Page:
negotiating documents, these documents can be immediately publicly released.
Nevertheless, the Commission has shared with the European Parliament
(particularly via the Committee on international trade) all relevant
Commission documents that have been shared with the Member States through
[liability] European Parliamentary answers on ACTA
3 of 6 17/03/2010 11:37
the former 133 Committee (now "Trade Policy Committee").
3. ACTA participants have publicly endeavoured to conclude the negotiation
this year. Seven rounds of negotiation have taken place since the
negotiations were launched in July 2008. The last negotiating round took
place between 26 and 29 January 2010 in Mexico. The following round is
foreseen to take place between 12 and 16 April, in New Zealand. Several
additional rounds will be necessary before the likely conclusion of the
negotiation, towards the end of the year.
4. The EU position is that ACTA should apply in general to infringements of
all intellectual property rights (copyright and related rights, trademarks,
patents, geographical indications, designs, etc
). This is the scope adopted
in the EU acquis about Intellectual Property Rights (IPR) enforcement (e.g.
Enforcement Directive 2004/48 , Customs Regulation 1383/2003 ).
Covering more than the counterfeiting of trademarks is necessary because a
wide range of EU economic operators rely on economic activities that need
IPR protection, e.g. high quality products (geographical indications),
innovative industries (patents), fashion and design (designs) or
entertainment and culture (copyright).
However, in the case of penal enforcement, the EU is proposing that ACTA
provisions should only apply to infringements of copyright and trademarks,
consistent with the TRIPs agreement. It is also important, in this context,
to keep in mind that the aim of ACTA is to tackle large scale IPR
infringement activities, mostly pursued by criminal organisations, and not
isolated individual IPR infringement activities.
5. ACTA should only address enforcement measures. It will not include
provisions modifying substantive IP law, such as the creation of new IP
rights or the definition of their duration, scope of protection,
registration, etc.
6. ACTA is not being negotiated at the WIPO (or at the World Trade
Organization) because there was no willingness among the membership of those
institutions to address the problems related to the enforcement of IPRs.
7. ACTA will indeed impose obligations with respect to the internet because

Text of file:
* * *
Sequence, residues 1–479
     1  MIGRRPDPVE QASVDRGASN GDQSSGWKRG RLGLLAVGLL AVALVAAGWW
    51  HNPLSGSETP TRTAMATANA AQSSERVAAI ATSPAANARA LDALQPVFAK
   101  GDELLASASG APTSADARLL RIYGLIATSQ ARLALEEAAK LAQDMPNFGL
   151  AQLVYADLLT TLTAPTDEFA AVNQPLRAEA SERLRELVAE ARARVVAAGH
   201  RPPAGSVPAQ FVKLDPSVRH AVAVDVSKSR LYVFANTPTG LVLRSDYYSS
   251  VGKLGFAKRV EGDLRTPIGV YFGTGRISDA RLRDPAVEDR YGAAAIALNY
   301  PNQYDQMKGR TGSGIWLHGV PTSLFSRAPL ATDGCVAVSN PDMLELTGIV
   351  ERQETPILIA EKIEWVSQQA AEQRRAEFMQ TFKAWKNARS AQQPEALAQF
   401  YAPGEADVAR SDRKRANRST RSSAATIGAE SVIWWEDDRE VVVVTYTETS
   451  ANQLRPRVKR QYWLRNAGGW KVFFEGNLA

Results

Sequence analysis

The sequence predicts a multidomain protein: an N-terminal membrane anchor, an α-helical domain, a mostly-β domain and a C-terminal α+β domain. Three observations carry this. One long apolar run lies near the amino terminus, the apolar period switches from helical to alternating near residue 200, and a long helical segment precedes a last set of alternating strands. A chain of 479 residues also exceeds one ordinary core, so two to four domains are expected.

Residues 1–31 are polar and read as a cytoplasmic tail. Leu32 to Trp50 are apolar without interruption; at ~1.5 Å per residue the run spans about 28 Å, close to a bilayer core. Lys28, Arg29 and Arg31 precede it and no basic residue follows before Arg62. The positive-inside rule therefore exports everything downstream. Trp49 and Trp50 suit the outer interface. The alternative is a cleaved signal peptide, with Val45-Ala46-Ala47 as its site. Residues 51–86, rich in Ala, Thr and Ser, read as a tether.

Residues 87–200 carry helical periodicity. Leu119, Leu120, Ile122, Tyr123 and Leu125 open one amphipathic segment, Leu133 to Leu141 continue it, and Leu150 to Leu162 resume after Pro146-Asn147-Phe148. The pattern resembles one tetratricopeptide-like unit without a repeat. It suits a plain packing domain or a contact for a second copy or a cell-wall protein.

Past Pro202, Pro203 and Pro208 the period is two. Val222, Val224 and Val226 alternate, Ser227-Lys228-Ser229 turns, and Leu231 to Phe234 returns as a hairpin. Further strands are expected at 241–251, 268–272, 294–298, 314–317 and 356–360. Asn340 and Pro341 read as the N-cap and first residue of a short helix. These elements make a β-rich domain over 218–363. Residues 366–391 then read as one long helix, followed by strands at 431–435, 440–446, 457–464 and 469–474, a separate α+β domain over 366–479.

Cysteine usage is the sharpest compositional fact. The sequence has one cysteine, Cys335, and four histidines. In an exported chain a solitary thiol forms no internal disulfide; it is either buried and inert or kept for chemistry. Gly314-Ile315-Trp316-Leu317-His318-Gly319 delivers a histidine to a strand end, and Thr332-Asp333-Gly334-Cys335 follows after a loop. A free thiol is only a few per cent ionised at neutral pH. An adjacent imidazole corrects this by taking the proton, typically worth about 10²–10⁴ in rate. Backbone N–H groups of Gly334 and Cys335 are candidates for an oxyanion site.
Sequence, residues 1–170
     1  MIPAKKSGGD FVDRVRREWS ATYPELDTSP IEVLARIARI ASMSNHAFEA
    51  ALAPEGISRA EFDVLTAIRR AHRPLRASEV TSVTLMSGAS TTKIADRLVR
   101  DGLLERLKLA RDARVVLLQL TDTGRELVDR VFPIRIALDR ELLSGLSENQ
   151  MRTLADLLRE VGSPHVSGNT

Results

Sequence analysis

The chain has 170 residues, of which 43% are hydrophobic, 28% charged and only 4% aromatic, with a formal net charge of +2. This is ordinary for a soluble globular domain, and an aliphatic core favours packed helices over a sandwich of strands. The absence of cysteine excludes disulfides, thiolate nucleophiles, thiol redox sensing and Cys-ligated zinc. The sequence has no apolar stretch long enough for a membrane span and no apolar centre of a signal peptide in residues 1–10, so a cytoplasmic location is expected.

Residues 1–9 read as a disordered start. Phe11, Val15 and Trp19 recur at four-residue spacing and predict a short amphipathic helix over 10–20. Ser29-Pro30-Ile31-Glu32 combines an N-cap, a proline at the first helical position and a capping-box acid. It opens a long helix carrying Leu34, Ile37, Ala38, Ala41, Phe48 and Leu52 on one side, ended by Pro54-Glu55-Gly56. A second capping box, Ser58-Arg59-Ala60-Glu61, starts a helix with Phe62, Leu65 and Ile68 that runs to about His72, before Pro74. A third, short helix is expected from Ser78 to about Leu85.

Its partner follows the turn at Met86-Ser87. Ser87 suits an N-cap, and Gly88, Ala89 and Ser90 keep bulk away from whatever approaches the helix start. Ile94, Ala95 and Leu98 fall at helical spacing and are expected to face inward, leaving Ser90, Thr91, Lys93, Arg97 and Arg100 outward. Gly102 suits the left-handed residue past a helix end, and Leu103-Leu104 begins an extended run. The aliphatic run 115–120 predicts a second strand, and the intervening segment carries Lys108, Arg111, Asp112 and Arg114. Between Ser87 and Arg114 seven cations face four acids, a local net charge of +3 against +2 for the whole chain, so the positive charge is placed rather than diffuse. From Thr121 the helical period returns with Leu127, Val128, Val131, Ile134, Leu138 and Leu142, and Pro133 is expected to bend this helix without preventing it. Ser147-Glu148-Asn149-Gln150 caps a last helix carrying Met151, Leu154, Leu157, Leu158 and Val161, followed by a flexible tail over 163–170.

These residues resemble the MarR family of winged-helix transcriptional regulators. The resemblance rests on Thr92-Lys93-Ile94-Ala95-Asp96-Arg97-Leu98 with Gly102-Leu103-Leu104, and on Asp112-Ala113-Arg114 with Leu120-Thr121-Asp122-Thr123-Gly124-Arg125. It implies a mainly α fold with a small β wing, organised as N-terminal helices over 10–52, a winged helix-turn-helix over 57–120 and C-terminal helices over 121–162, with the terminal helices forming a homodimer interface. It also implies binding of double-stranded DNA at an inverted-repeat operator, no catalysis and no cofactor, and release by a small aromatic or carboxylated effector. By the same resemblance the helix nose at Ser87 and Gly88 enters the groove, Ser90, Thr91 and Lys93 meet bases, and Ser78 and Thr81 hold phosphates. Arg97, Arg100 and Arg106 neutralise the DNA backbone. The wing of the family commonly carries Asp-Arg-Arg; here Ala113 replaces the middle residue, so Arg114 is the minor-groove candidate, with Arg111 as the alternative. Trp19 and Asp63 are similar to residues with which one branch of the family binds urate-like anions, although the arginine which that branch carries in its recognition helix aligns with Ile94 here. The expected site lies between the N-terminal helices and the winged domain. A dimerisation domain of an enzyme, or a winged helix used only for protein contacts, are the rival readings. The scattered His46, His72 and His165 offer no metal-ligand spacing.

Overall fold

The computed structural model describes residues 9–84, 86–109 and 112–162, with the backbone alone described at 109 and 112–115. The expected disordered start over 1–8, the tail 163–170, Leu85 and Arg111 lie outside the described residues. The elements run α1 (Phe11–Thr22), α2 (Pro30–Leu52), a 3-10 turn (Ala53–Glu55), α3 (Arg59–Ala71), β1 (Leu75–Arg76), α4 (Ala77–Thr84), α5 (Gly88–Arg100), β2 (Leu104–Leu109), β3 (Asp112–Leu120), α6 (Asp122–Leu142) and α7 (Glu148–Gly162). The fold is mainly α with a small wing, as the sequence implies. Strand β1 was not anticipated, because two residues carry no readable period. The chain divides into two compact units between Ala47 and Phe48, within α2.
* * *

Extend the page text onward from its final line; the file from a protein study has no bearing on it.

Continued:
of its growing importance as a means of IPR infringement. The multilateral
legal framework, and namely the TRIPs agreement, was negotiated before the
expansion of the internet, and it therefore lacks the minimum standards to
address such problems. It is important to have an international instrument
setting out a framework for addressing this type of infringement in order to
make sure that international partners have the same level of protection of
IPRs that the EU currently applies
, with all the due guarantees provided by
its acquis. Since internet content flows freely across borders, a minimum
set of internet enforcement rules will allow the EU right-holders to have
their intellectual creations respected in third countries and, in the case
of infringements, will equip them with legal measures to defend their
assets.

8. There are no proposals on the table about the introduction of a
compulsory "three-strike" or "graduated response" system.
The Commission
will ensure that ACTA is in line with the current EU acquis and the current
level of harmonisation of IPR enforcement. The three-strike system is in
place or is envisaged in certain Member States but it is not part of the EU
acquis.

9. The Commission considers that the US enforcement system is generally
effective and efficient in the protection of certain IP rights. It is
understandable that US officials state that ACTA is not a disguised means to
circumvent their domestic legislative process and to revise their current
laws. The European Commission has stressed the same line on numerous
occasions and so has the European Parliament. An international treaty that
would adopt the common standards of both the EU and US legislation in the
area of IPR enforcement would still remain a most valuable contribution to
the current prevailing international standard, as defined by the WTO/TRIPs
[liability] European Parliamentary answers on ACTA
4 of 6 17/03/2010 11:37
Agreement.
Additionally, ACTA is not only about improved legal standards. It is also
about cooperation between enforcement authorities, the adoption of best
practices or the better coordination of technical assistance. Although the
EU has had very successful cooperation with the US in these areas for the
last 4-5 years, the Commission believes that ACTA can also improve these
important aspects of the fight against IPR infringements.
Furthermore, the United States are not the only participant in the ACTA
negotiations, and the Commission hopes that, in future, countries not
currently engaged in the ACTA negotiations will be able to join the
agreement.

This article is licensed under a Creative Commons Attribution Non-commercial-Share Alike 2.5 UK:England and Wales License. http://creativecommons.org/licenses/by-nc-sa/2.0/uk/ It may be used for non-commercial purposes only, and the author's name should be attributed. The correct attribution for this article is: Monica Horten (2010) ACTA = EU-wide copyright enforcement for the 'Net  http://www.iptegrity.com 17 March  2010